The regions Hall in Tyrol and Lauterach in Vorarlberg are using Cycle Competence to show the potential every-day cycling can have to reduce traffic in rural areas: Cycling streets (Fahrradstraßen), cycle traffic networks and filling gaps are prioritised in comprehensive regional concepts.
This is also the topic for a parliamentary evening in Berlin. “Cycling in rural areas” will be discussed as part of the cycling academy organised by the German Institute for Urban Studies (Difu), subsidised by the German transport ministry BMVI and with content support from Cycle Competence. The discussion on strategies for active everyday mobility will take place at the Austrian embassy in Berlin on 4 June 2019 starting at 6.30pm. Cycle Competence members Andrea Weninger (Rosinak & Partner), Robert Thaler (BMNT) and the regional council member of Vorarlberg Johannes Rauch will be holding talks.
To increase the share of cycle traffic within the modal split all over the country it is not enough – according to Difu – to “simply look at urban traffic. The bicycle also has as yet underused potential to shift traffic in rural areas. For this to happen it needs comprehensive cycling strategies with a catalogue of measures in different areas – as is shown by Austrian practical examples and pan-European initiatives.”
Strengthening cycling traffic in Hall together
Since January 2018 Cycle Competence members Planoptimo and Rosinak & Partner are working together with representatives of six Tyrol communities covering Hall and the surrounding area. These have joined forces to create a planning group to create a joint cycling network in the region of Hall. The results have now been presented. “Making cycling traffic more attractive” is identified as one of the levers to limit the “massive traffic burden” for the region. Currently only 9% of everyday routes in the planning area are covered on a bike. In Innsbruck, which is just 10km away from Hall, the share stands at 22% already.
The core piece of the new network will be the cycle highway PV16 to Innsbruck running from the town centre of Mills via Hall, Absam, Thaur and Rum. To implement the project several gaps in the existing cycling network are to be closed. As requested by the adjacent municipalities the routing will aim to integrate residential areas, schools, industrial areas and sports grounds.
Apart from the Highway there will also be a further route running from West to East a bit further north. This “Village Route” will be planned as a leisure route to connect Absam and Gnadenwald. The aim is to get the cycling network set up within the next five years. Over a shorter term five pilot projects are to be implemented, which the planners have identified together with the municipalities. Among those is a traffic-calmed cycling connection between Thaur and the swimming pool in Hall. In this town a combined pedestrian and cycling lane is to be created to connect to the cycling route along the Inn valley. The latter is to be continued on the Nothern river bank. According to Helmut Köll from Planoptimo this is the “nicer” side of the river. In Hall there will also be a cycling street (Kaiser-Max-Straße, Rudolfstraße, Samerweg).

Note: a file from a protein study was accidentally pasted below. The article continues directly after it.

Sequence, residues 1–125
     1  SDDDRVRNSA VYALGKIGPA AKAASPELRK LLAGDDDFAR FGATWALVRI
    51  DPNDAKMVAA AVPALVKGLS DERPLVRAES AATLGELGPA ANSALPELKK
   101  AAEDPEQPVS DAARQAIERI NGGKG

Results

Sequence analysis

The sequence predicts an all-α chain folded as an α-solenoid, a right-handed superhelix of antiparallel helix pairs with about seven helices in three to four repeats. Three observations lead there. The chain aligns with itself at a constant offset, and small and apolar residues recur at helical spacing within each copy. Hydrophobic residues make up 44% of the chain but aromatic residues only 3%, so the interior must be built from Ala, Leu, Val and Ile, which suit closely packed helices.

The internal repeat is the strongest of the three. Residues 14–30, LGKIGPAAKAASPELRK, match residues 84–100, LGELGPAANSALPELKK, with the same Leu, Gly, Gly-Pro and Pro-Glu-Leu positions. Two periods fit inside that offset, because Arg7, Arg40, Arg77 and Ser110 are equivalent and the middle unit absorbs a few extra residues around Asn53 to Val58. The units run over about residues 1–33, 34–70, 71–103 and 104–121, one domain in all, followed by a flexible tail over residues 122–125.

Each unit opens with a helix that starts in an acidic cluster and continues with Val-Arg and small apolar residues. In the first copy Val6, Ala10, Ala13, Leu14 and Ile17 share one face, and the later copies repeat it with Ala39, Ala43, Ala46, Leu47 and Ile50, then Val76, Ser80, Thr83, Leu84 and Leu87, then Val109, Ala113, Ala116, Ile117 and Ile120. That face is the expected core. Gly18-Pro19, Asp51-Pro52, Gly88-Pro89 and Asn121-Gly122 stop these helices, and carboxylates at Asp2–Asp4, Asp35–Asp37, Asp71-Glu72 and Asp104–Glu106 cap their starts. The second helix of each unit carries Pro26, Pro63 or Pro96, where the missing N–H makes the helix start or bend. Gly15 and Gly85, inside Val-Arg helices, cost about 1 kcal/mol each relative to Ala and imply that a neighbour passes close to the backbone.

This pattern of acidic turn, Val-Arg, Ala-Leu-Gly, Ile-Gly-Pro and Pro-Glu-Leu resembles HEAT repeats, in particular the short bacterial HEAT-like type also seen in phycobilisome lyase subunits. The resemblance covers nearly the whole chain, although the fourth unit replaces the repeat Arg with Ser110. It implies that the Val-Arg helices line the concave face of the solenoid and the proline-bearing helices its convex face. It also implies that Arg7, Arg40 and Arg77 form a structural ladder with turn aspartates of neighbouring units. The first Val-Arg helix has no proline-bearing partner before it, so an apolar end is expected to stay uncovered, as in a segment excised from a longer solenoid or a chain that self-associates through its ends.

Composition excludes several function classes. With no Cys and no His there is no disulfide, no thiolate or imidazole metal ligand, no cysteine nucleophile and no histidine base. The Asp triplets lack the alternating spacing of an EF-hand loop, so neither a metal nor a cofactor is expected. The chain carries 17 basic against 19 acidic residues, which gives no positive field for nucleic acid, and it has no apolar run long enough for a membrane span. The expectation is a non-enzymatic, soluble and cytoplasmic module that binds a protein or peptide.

Together citizens, administration and planners are looking for the best solution for cycling traffic in Hall and its surroundings.
The main challenge, according to Köll, is Thaur. It “remains to be hoped that the municipality will find a solution by combining land to ensure that the cycling highway towards Innsbruck can be completed,” the planner told the regional newspaper „Tiroler Tageszeitung”. According to the paper Absam, Hall and Mils already have passed a decision of principle for the cycling concept. Thaur, Rum and Gnadenwald still have to take this step. The province of Tyrol is subsidising cross-regional cycling paths.
Lauterach: safe North-South connection
The key phrase “closing gaps” also plays an important part in the new cycling plans for Lauterach in the district of Bregenz in Vorarlberg. According to a local edition of the regional daily “Vorarlberger Nachrichten”, this region has seen “a lot of high-priced initiatives” over the last year to create unconnected “comfort cycle paths”. In various talks with different part of the municipality as well as public information events it became clear how important safe cycling is for the citizens.
Therefore the local government in Lauterach has decided to re-define certain roads as cycling streets to create a continuous North-South connection. To start with these will include three roads connecting the town’s northern border on the Bregenzerach river and the Lerchenauerstraße. In a next step, further roads are to follow to create a safe connection all the way to the southernmost border of the residential areas, the paper noted. For the whole project a budget of 400.000 to 500.000 euros is earmarked, as the re-definition of roads into cycling streets will also include a renewal of the road surfaces.
We already reported about cycling in Lauterach and the adjacent nature reserve in spring 2018: CYCLE ROUTE THROUGH THE NATURE RESERVE
Early pioneers of cycling streets
The province of Vorarlberg, a member of Cycle Competence, is subsidising the initiative in Lauterach. This province is home to one of the oldest cycling streets (“Fahrradstraßen”) in Austria: Already five years ago Hard introduced this special type of road on which cyclists and car drivers have equal rights of use and a general speed limit of 30 km/h applies. To help municipalities to successfully create cycling streets in a municipality Cycle Competence has compiled guidelines.
Photos: Province of Vorarlberg, Planoptimo, Rosinak & Partner